If you are like many still recovering from the national tragedy on November 8 that resulted in the impending presidency of Donald J. Trump, you may have missed the release of the first Surgeon General’s report on substance use and misuse titled: Facing Addiction in America.
Released by U.S. Surgeon General Dr. Vivek H. Murthy, the report provides definitive evidence supporting the view long held by the social work profession that addiction is not a matter of moral deficiency but a consequence of neurological functioning impacting our brains. So even if your first drink is a matter of choice, your addiction may well be beyond your ability to control. That says much about how we should respond to addictions. Locking people up will do little to control the problem. Prevention and treatment will do more to reduce dependency on mood-altering substances.
Given the devastating effect last month’s election had on progressives, we may very well see a spike in substance use. Even in the absence of new instances, Americans have significant incidences of substance use, misuse and substance use disorder. More than 27 million Americans reported use of illicit drugs or misuse of prescription drugs in 2015 and more than 66 million Americans—a quarter of the American adult and adolescent population—reported binge drinking in the last month. The estimated economic costs are $249 million for alcohol misuse and $193 million for illicit drug use. It is estimated that 40 percent of people who misuse substances also suffer from a mental health disorder. Just 10 percent of affected people are receiving specialty treatment for substance use.
America’s newspapers have been filled with articles about the devastation opioid misuse is inflicting on individuals, families and communities across a wide swath of the nation. Drug overdose is now the leading cause of accidental death in the United States accounting for 47,055 fatalities in 2014. Of those deaths, 18,893 were attributed to pain medication misuse and another 10,574 were due to heroin overdoses. White women are now the most likely victims of drug overdoses. Congress responded rather decisively passing the Comprehensive Addiction and Recovery Act earlier this year and signed into law by President Barack Obama on July 22, 2016. Congress authorized $181 million annually to address the opioid epidemic well short of the $1.1 billion requested by the President. However, those funds must be appropriated annually during the budget process which means they are not guaranteed. An ambitious budget by the incoming Trump administration of more tax cuts, increased military spending, and huge investments in infrastructure could crowd out proposed funding levels.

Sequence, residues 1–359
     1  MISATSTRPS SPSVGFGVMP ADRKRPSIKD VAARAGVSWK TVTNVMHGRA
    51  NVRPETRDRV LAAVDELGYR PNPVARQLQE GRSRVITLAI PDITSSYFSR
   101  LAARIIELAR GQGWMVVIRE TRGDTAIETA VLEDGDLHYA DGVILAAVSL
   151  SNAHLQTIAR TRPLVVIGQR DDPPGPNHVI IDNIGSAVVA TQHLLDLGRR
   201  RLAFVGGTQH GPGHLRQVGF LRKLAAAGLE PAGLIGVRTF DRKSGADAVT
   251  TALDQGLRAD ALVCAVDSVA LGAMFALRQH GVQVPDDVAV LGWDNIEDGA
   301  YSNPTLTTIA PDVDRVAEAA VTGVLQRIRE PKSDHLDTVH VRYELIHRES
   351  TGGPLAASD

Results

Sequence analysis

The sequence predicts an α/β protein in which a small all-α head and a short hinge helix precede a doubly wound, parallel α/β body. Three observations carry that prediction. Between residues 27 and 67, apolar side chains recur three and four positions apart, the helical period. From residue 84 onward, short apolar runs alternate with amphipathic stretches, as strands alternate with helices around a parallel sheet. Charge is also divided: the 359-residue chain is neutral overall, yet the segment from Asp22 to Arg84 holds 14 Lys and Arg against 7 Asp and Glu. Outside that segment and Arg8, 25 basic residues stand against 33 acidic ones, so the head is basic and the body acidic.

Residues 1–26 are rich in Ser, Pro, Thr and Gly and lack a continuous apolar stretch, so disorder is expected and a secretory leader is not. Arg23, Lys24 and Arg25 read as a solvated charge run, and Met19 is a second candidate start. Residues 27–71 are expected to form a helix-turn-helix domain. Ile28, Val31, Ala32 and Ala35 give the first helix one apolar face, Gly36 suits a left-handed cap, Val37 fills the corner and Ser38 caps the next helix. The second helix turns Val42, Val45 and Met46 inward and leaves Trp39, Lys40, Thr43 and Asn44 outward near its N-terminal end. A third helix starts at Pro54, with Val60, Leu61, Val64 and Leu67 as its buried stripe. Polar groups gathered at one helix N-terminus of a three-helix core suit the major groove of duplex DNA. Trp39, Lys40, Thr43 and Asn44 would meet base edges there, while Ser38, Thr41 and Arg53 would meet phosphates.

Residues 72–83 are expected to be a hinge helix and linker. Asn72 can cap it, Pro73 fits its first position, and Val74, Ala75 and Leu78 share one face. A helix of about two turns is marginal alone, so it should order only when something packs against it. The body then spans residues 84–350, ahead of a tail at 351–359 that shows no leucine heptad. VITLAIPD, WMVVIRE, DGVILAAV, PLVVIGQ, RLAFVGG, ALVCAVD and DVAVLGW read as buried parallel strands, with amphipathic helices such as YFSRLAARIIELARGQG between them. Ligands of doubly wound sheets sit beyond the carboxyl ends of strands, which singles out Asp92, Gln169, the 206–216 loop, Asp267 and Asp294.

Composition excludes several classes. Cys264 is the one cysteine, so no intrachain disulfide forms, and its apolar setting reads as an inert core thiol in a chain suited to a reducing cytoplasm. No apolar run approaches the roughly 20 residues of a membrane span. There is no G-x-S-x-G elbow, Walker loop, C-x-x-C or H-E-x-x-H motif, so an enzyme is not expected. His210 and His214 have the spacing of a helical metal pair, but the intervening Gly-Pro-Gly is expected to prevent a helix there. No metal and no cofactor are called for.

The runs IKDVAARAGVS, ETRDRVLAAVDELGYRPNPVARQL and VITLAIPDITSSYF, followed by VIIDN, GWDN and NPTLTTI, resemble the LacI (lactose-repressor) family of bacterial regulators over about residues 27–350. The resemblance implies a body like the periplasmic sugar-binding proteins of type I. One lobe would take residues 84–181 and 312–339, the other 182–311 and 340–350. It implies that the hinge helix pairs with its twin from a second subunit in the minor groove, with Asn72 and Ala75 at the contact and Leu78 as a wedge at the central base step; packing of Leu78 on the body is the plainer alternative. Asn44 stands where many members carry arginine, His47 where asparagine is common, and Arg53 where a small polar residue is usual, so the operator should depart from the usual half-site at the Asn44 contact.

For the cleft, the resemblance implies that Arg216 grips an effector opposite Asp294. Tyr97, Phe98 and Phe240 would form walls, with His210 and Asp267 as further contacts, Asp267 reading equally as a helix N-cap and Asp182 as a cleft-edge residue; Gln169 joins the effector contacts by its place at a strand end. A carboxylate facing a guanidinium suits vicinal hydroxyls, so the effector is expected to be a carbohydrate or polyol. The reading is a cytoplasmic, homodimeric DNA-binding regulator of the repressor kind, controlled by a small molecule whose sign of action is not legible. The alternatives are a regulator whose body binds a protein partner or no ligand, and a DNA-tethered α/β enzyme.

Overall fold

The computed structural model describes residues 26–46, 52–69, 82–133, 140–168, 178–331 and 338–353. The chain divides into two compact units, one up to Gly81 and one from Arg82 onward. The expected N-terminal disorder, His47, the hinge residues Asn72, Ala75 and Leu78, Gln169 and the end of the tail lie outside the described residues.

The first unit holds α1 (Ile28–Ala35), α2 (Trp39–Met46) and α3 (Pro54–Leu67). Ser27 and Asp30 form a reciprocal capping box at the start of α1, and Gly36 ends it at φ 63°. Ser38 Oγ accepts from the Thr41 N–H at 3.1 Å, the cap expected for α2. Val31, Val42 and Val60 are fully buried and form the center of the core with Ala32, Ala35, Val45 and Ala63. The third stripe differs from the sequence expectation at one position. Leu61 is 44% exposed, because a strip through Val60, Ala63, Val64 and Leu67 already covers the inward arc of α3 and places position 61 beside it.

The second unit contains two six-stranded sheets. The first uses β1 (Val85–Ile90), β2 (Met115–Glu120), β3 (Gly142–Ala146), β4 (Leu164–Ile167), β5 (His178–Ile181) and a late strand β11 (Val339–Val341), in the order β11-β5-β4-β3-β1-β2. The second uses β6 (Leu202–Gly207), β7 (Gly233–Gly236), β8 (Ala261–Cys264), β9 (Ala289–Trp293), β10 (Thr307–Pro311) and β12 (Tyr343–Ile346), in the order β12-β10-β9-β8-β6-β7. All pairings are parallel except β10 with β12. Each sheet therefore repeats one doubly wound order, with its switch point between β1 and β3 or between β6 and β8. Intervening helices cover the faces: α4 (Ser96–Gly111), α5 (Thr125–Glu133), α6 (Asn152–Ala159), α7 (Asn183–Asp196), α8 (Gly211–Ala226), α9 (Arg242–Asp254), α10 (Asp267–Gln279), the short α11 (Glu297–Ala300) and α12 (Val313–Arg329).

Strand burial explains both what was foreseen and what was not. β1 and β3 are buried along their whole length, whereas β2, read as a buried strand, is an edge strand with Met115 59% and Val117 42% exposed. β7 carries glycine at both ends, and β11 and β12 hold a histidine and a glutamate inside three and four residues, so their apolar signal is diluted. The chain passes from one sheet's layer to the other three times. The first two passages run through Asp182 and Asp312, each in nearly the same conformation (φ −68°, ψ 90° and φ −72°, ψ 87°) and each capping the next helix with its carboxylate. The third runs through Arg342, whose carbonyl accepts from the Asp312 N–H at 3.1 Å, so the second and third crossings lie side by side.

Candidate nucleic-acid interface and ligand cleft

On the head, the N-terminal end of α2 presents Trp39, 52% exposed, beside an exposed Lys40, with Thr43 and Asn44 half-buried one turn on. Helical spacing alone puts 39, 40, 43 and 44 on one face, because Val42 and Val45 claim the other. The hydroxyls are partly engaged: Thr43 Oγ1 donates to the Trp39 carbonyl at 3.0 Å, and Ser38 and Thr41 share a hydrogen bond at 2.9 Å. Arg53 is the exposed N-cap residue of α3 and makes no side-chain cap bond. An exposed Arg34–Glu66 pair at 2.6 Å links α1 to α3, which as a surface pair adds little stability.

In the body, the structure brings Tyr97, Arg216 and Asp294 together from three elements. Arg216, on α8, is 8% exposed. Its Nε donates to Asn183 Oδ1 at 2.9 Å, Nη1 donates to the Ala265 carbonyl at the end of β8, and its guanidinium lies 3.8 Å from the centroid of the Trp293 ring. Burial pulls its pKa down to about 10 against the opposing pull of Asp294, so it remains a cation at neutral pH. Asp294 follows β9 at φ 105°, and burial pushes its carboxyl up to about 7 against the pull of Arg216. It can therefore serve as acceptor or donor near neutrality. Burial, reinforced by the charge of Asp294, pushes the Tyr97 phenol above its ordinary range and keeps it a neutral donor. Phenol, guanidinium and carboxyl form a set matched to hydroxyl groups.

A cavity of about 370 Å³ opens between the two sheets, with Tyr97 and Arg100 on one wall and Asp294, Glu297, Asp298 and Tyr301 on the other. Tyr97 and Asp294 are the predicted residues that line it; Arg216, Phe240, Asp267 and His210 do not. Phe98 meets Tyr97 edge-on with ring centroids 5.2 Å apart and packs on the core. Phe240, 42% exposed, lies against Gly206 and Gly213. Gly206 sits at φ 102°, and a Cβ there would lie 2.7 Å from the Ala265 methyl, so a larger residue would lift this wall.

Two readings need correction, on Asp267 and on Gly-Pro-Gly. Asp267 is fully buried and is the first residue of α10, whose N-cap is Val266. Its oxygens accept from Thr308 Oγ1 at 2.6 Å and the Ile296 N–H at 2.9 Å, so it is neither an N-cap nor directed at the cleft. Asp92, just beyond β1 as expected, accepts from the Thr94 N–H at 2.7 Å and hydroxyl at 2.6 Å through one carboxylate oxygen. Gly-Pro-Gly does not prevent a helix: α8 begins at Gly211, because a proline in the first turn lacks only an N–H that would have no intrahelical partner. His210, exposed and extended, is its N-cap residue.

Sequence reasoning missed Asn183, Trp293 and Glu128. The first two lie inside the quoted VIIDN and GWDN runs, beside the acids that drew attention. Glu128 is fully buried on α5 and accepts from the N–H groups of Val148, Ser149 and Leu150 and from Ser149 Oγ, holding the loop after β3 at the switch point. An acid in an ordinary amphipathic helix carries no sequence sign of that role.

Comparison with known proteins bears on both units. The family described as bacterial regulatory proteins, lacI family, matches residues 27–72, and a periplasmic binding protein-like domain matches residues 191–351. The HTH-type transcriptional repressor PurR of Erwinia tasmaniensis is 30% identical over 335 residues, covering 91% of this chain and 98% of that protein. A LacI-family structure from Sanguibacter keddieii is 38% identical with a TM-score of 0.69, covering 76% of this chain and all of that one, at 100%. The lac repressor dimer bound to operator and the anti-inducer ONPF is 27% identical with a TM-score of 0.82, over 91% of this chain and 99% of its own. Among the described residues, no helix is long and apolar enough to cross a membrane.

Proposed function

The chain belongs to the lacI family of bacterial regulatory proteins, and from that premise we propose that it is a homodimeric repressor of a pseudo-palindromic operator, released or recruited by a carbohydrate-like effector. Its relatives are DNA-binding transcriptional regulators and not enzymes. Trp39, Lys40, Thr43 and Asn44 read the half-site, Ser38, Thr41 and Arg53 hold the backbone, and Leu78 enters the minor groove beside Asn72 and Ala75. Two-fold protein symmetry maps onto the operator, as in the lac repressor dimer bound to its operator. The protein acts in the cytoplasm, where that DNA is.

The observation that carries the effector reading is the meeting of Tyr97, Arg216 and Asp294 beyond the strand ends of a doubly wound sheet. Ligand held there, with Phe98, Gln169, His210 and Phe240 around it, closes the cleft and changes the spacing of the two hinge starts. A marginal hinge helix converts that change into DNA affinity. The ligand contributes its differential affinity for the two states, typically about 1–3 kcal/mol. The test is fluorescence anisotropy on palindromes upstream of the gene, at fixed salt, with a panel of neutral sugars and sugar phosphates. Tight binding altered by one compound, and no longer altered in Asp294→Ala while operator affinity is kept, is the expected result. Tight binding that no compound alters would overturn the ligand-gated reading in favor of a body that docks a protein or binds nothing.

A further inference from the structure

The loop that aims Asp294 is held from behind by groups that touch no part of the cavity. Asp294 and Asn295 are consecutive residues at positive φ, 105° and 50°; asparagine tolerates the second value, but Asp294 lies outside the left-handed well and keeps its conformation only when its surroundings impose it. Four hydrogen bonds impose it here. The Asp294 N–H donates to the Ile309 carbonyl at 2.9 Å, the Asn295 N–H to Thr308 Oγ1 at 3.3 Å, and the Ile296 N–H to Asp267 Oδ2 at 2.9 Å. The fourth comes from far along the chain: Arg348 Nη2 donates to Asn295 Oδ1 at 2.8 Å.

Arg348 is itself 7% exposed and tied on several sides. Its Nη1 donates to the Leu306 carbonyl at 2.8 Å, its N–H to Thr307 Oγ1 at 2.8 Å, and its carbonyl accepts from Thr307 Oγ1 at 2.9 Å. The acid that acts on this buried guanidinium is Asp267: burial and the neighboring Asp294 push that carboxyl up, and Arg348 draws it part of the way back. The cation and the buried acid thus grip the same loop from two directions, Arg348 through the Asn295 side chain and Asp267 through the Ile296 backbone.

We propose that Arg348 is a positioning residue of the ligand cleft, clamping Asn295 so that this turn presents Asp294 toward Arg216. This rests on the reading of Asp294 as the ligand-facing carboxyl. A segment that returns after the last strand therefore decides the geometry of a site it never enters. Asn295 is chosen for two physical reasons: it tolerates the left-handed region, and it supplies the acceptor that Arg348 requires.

Republicans in their zeal to humiliate President Obama by repealing his signature legislative accomplishment, the Affordable Care Act which they derisively named Obamacare, may be doing irreparable harm to efforts to quell the opioid epidemic. The ACA provides extensive resources for addiction treatment. There is a theory that says Republicans will not repeal and replace Obamacare—just rename it. They plan to pass legislation immediately designed to cripple and eventually dismantle the Affordable Care Act. However, that bill would delay significant changes probably until after the 2018 election when it would be revisited with a couple of slight tweaks and renamed Trumpcare. In the meantime, millions worry about losing their healthcare because of these mostly political shenanigans.
Social workers and other helping professionals cannot take our eyes off the ball on the need for action on addiction as Republicans with control of all the levers of government are poised to continue their efforts to rollback New Deal policies and eviscerate the social safety net. They see a minimal role for the federal government in addressing Americans’ health and mental health needs. Much like the groundbreaking 1999 report on mental health produced by Surgeon General David Satcher, Facing Addiction in America presents a compelling argument for the need to expand resources to address substance abuse and mental health. These are certainly times that will try our souls. We must be up for the challenge.
Written By Charles E. Lewis Jr., Ph.D
Social Workers Facing Growing Addiction Crisis was originally published @ Charles Lewis – Congressional Research Institute for Social Work and Policy and has been syndicated with permission.